Now after repeated listenings, I thought I’d bring it to your attention as soon as possible, especially for those of you with ready access to Hermosa Beach and Temecula in Southern California, Scottsdale, Arizona and San Jose, CA as Mark and his quartet will be performing the music on the CD at locations noted on the schedule that closes this feature.
For your edification, here’s the media release that Terri sent along with my preview copy at the conclusion of which you’ll find a video montage set to Mark’s original composition Koan which forms the opening track to The New York Session.
ALTO SAXOPHONIST & FLUTIST MARK LEWIS'S
"THE NEW YORK SESSION"
TO BE RELEASED BY AUDIO DADDIO
JANUARY 27, 2017
GEORGE CABLES, ESSIET ESSIET, & VICTOR LEWIS
LEND INSPIRED SUPPORT
IN A PROGRAM OF ORIGINALS BY THE
“As well-traveled and widely recorded as alto saxophonist Mark Lewis has been over the past four decades, his new CD The New York Session is likely to be the album that helps rectify his current under-the-radar reputation. Recorded last year in Brooklyn with a world-class rhythm section — pianist George Cables, bassist Essiet Essiet, and drummer Victor Lewis — the new disc will be released by Lewis's Audio Daddio label on January 27, 2017. It's the work of an artist clearly reveling in the company of fellow masters making the most of his tasty compositions.
"There's so much to savor and admire here," writes critic Ted Gioia, a self-professed Mark Lewis fan who contributed the CD booklet notes. "Lewis's musicality, his inventiveness, his humor, his ability to immerse himself in the soundscape of the performance with total emotional commitment — these all stand out here in track after track."
Whether he's inviting his listeners to a carnival on "Roberto's Magical World" or waxing philosophical on the introspective "Not As Beautiful As You," Lewis displays an utterly personal mix of authority, playfulness, and interactive immediacy. He's at home in the blues, playing with relaxed soul on the strolling, minor key "DL Blues," and draws on his deep love of African music for several pieces, most obviously on the lilting "Sierra Leone" and the boisterous 12/8 closer "Roll 'Em Joe."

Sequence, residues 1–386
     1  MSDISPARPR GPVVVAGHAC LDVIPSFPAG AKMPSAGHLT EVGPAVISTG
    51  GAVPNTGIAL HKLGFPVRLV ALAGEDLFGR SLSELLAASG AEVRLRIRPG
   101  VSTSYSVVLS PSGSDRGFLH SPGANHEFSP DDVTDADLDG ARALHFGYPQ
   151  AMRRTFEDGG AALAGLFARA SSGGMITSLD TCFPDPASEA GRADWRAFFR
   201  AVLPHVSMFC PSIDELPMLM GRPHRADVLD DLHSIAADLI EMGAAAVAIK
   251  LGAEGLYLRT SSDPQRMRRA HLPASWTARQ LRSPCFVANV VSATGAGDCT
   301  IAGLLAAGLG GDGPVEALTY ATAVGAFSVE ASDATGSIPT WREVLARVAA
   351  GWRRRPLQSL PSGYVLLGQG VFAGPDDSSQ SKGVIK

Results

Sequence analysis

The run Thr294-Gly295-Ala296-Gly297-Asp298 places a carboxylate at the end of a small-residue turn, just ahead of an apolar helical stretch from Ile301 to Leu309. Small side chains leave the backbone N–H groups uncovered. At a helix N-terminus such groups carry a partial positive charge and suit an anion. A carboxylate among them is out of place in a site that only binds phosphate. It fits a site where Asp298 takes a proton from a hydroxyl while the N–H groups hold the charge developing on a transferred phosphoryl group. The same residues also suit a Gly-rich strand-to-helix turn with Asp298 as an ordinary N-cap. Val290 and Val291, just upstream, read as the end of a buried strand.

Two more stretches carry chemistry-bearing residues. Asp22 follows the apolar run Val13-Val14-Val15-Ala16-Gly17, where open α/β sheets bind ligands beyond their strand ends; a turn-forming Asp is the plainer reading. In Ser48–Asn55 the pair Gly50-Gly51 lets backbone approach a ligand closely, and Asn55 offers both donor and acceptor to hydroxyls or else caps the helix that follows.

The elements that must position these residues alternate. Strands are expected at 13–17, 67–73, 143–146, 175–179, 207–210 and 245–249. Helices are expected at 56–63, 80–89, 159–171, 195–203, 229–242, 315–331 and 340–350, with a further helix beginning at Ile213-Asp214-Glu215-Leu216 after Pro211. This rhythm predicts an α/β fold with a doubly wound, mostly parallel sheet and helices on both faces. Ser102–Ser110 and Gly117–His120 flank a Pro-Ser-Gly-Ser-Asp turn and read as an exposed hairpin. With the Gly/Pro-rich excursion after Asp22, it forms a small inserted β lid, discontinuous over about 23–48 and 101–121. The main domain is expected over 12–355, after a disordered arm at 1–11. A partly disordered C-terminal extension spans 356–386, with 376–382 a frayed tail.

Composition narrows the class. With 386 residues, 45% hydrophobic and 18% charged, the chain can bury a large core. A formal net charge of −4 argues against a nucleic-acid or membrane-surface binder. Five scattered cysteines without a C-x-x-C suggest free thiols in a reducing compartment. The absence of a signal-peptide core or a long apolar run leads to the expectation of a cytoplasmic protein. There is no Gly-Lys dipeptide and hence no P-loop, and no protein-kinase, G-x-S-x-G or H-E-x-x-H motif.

Legally blind, Lewis hasn't let his disability slow him down, traveling the world and establishing deep creative bonds wherever he's landed. But not being able to assess a colleague's immediate reaction to his music may shape his approach to recording.
"I don't see well enough to see facial expressions," Lewis says. "I used simple compositions because I didn't want to clutter the purity of the sound we were trying to get. I think pieces of music are like places
or rooms. You play in those spaces as a musician, in those settings, and they'll make you into slightly different people doing different things, which I think is good."
Born in Tacoma (in 1958) and raised on a farm outside of nearby Gig Harbor, Mark Lewis absorbed music from both sides of his family. A standout player in middle school, he formed his first band at 14. By high school, Lewis's waking hours were filled with music as he played lead alto in the stage band and clarinet in the concert band. Leading several bands around the region, he supported himself while studying composition, flute, electronic music, and piano at Western Washington University and the Cornish Institute of Allied Arts.